Investigating the effects of temperature on the physiology of tropical forest trees [31], [65] is of primary importance today given the temperature increases expected over the next century [5], [7]. Some authors suggest that tropical trees are more sensitive to temperatures than other trees because (i) they live at or close to the highest annual average temperatures on Earth, and (ii) tropical species naturally encounter limited variation in temperatures (<4°C over 20° of latitude) [32]. Our results suggest that temperature variations are of secondary importance in shaping tropical tree seasonal growth; nevertheless, they do play a role. Minimal temperature was slightly positively correlated with tree growth, whereas maximal temperature had no effect. This positive relation between tree growth and temperature is not consistent with previous observations in Costa Rica [35], [66], where an increase in night-time temperatures had a negative effect on tree growth, and in East Africa [19], where maximum temperatures had a negative effect on tree growth. Such patterns were not found at our global working scale.

Tree growth variability in time and space

Our results suggest that most tropical trees experience seasonal cycling growth even in extremely wet environments, as already reported at la Selva [35]. On a pantropical scale, we showed that secondary growth was higher during the wet season; tree growth increased with precipitation and relative soil water content (Table 6). This result is not consistent with other studies that have shown that tropical forests are able to maintain or even to increase their productivity during the dry season [67][70]. This suggests different uses of carbohydrates. Some studies have reported that evergreen species in seasonally dry environments accumulate carbohydrates during the dry season because photosynthesis continues while wood production ceases [71] and that deciduous species accumulate carbohydrates at the onset of the dry season to support respiration costs when they are leafless [72], [73]. Some studies relied on the Enhanced Vegetation Index (EVI, an index of canopy photosynthetic capacity [30]) to highlight changes in forest phenology driven by the solar cycle [74], [75]. In the same way, a variation in the EVI has been observed for the entire Amazon region [30], and the link between phenology and the solar cycle has also been reported for Terra Firme forests [76]. The variability in tree growth at a seasonal scale is likely driven by climate seasonality and dependent on the seasonal allocation of carbohydrates to processes other than tree diameter growth, such as leaf and root production or respiration.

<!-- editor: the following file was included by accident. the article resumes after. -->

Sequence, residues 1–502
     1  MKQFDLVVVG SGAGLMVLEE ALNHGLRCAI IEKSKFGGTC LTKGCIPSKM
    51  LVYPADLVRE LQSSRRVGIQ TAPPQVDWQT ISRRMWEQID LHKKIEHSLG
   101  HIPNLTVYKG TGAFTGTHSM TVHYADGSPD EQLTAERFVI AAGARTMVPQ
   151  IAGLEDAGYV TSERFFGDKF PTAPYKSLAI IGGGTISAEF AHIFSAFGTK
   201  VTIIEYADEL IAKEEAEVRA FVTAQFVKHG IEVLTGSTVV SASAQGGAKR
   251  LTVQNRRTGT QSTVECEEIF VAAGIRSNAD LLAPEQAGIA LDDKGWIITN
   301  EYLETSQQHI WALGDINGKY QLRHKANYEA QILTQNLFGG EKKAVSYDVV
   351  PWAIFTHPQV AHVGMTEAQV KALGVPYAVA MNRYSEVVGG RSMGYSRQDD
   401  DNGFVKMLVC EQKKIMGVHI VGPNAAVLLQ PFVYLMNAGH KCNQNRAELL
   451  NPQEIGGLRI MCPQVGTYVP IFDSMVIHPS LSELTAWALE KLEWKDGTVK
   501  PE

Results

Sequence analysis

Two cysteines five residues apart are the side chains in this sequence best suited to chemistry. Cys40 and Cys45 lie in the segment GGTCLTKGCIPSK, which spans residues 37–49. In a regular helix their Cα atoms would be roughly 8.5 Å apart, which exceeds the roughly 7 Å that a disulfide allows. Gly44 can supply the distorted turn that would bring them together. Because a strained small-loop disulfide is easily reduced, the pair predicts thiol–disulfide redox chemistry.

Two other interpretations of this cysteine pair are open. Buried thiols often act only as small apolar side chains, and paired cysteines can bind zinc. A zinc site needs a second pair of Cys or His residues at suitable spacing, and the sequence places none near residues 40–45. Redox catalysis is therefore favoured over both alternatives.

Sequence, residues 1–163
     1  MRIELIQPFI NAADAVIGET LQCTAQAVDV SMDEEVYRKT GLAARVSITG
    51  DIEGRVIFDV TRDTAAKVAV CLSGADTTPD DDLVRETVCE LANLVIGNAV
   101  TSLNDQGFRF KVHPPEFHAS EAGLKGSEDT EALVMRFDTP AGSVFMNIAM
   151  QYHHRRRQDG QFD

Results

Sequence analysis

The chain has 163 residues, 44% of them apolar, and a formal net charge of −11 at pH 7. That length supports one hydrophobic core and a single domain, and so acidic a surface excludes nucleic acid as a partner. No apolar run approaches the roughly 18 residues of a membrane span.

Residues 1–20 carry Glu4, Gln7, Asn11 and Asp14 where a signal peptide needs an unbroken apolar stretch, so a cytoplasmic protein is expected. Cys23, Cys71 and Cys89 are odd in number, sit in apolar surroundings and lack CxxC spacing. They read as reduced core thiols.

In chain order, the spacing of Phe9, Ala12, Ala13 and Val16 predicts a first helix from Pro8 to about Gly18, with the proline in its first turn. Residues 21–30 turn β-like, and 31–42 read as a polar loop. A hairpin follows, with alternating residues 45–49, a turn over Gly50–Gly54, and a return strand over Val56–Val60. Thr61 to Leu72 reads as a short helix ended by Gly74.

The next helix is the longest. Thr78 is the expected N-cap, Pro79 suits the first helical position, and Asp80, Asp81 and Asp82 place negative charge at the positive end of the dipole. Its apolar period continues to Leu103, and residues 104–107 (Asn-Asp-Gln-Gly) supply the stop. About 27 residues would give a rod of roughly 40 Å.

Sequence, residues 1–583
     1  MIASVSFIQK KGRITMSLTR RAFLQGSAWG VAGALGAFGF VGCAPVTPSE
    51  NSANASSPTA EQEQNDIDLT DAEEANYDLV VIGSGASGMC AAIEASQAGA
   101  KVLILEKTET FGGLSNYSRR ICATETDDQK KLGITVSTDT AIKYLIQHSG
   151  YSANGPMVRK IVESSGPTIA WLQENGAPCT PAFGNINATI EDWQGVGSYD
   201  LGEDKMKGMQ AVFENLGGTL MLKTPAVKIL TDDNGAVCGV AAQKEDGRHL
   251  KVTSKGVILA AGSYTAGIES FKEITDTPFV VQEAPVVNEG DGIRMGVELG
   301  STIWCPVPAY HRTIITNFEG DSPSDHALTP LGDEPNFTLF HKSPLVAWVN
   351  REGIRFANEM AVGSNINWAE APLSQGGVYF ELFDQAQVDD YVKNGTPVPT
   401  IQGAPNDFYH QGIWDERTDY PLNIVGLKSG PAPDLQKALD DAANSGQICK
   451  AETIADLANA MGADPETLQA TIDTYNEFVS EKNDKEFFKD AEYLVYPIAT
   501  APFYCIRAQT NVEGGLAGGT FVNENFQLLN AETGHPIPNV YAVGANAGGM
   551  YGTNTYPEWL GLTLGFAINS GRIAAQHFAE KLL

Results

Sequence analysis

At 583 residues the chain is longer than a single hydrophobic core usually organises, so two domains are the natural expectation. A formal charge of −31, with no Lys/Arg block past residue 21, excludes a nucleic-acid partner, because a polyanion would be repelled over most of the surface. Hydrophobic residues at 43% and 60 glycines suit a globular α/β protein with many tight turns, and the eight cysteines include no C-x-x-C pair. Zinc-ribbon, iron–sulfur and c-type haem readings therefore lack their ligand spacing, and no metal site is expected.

Stem shrinkage during dry periods may be an important limitation of this work [77][79], e.g. the negative value of mean annual tree growth at Pinkwae. Other negative monthly growth values exist at almost all the study sites. In a tropical forest in Ethiopia experiencing a strong seasonality, high-resolution electronic dendrometers have been combined with wood anatomy investigation to describe cambial growth dynamics [80]. These authors concluded that water scarcity during the long dry season induced cambial dormancy. Furthermore, after the onset of the rainy season, (i) bark swelling started quite synchronously among trees; (ii) bark swelling was maximum after few rainy days; and (iii) evergreen trees were able to quickly initiate wood formation. Recently at the Paracou forest site, some authors have showed that biomass increments were highly correlated between the first and the last quantile of trunk bark thickness and between the first and the last quantile of trunk bark density, suggesting that secondary growth is driven by cambial activity [75].

In this study, we focused on seasonal variation of tree growth, but the inter-site variance must be studied to build a full predictive model. At our pantropical working scale, there was no evident spatial auto-correlation. The site effect, i.e. the average growth of trees at a given site, is likely shaped by several additional environmental variables, such as soil fertility, forest floristic composition and competition for light and nutrients [81][83]. These effects were included in the model through the random site effect , and we assumed that these effects were constant over the study period. We also did not consider the different ontogenetic stages of trees and the ontogenetic growth trajectory that depends on complex environmental changes that may have occurred during the census period [84]. Recently, a study using LiDAR and a four-year diameter growth census demonstrated that variation in canopy metrics appeared to be essential to predict biomass growth [85]. Clearly, remote sensing methods, whether radar, LiDAR or optical [86], can help us to derive stand variables, especially canopy height, and therefore can be used as valuable additional predictors to monitor forest growth over large tropical areas.

Tropical tree growth under climate change

Globally, current IPCC scenarios predict an intensification of the dry season in tropical areas during the 21st century [7]. Amongst climate variables, our results highlighted the predominant role of precipitation in shaping seasonal forest growth. If a global rainfall reduction is confirmed in the future, it can be expected that tree growth will be affected (Figure 5). Climate change is not the only possible cause for reductions in precipitation; deforestation could lead to reductions in precipitation as the air passages over forests increase tropical rainfall intensity [4]. Solar radiation appeared almost as important as rainfall. Cloud reduction due to drier dry seasons, may subsequently improve tree growth. Our results suggest that, with the global changes observed, forest productivity due to tropical tree growth will encounter modifications due to change in climate seasonality.


We thank James Grogan and Mark Schulze; the French Institute of Pondichry and Raphael Pelissier; and Vincent Grgoire for provided the tree growth data of Marajoara, Attapadi and Muara Bungo respectively. We thank Morag Mcdonald, Adrian Newton and two anonymous referees for useful comments on previous drafts of the manuscript.

Author Contributions

Conceived and designed the experiments: FW VR BH. Analyzed the data: FW. Contributed reagents/materials/analysis tools: FW VR BH MA DB HD RG CS AT. Wrote the paper: FW VR BH MA DB HD RG CS AT.